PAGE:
Canadians Feel Strongly About Monitoring and Defending the Arctic

One area where Canadians believe the military should play a larger role is in the Artic. The far north is rapidly becoming a new frontier of the current East-West tensions as newly opened shipping routes from melting ice packs and increased demand for the region’s natural resources draw more traffic. The threat from Russia in the Artic has loomed large since the Cold War, but China’s declaration of itself as a near Arctic state adds new fuel to the fire.

Increasingly, Canadians are viewing the Artic as a key area of interest for monitoring and defending. Over eight in ten (83%) Canadians want Canada’s military to monitor all who sail through the Northwest Passage, which passes through Canadian territorial waters. Canadians are also in favour of an increased presence in the North with 73% agreeing that more military bases should be built in the far North to protect Canada’s Arctic territories and half (51%) in favour of Canada acquiring nuclear submarines to defend the region.

Generational Divisions in Support For Increased Military Spending as Younger Canadians Believe Other Priorities Take Precedence

Support for increased military spending and an increased role for the Canadian military is not homogenous among all Canadians. Older Canadians with their memory of the Second World War and Cold War are significantly more supportive of increased military funding to ensure the Canadian Armed Forces can defend the nation’s sovereignty (83% vs. 71% of 35-54 years old and 68% of 18-34 years old). Current geopolitical tensions are also a greater concern to older Canadians likely due to their memories of past conflicts. Significantly more feel concerned about Canada’s defense due to the war in Ukraine (79% vs. 68% of 35-54 years old and 64% of 18-34 years old) and China’s actions in the Taiwan Strait (79% vs. 68% of 35-54 years old and 58% of 18-34 years old).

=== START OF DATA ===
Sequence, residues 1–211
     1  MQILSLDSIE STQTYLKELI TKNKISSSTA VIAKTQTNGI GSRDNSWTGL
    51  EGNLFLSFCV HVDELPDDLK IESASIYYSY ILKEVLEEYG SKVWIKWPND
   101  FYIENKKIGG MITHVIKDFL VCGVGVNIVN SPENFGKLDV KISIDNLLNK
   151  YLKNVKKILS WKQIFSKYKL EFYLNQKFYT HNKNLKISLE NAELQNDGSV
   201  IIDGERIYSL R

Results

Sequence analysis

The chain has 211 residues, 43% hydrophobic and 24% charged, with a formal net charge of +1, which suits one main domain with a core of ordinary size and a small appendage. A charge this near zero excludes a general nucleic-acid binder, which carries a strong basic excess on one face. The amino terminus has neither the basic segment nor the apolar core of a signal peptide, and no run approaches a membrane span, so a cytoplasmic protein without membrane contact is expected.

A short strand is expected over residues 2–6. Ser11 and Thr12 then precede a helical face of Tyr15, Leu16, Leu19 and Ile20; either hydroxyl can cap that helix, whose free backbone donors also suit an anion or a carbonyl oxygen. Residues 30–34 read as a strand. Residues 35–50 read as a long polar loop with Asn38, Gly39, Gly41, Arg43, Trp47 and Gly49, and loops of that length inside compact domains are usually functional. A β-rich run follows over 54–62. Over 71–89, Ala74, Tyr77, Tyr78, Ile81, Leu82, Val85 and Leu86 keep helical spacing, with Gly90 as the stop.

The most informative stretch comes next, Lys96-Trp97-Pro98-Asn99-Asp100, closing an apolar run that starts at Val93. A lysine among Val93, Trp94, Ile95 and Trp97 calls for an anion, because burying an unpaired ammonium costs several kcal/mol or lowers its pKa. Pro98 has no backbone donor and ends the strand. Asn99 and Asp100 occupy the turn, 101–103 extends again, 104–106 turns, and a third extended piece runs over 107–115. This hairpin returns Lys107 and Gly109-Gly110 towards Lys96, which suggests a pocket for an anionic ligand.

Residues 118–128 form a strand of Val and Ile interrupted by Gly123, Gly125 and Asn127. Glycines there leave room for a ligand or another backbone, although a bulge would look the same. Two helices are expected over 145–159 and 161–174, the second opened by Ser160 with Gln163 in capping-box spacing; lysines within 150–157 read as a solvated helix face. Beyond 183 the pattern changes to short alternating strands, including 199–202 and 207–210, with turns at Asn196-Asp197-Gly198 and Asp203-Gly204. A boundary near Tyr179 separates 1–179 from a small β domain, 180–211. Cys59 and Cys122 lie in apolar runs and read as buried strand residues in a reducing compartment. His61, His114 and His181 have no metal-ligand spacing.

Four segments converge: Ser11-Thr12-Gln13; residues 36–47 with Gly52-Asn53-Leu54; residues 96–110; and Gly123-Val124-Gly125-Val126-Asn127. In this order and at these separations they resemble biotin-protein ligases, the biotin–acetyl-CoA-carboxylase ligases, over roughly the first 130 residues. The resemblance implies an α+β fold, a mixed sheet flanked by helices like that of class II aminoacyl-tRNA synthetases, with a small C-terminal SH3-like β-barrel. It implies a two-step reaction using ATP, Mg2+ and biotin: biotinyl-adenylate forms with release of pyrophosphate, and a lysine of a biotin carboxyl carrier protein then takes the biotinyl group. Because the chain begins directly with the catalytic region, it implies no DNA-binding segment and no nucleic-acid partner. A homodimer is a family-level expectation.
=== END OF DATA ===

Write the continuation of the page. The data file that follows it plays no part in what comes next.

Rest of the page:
Older Canadians are also supportive of an expanded military presence at home and abroad. Those aged 55 years and older are more likely to believe that Canada should increase its military spending so it can contribute to global peace and stability (79% vs. 70% of 35-54 years old and 63% of 18-34 years old). Canadians 55 and over also favour an expanded presence in the country’s far North with significantly more agreeing that the Canadian military should monitor all who sail the Northwest passage (90% vs. 83% of 35-54 years old and 74% of 18-34 years old) and that Canada should build more military bases to protect the nation’s Artic territories (82% vs. 68% of 35-54 years old and 67% of 18-24 years old).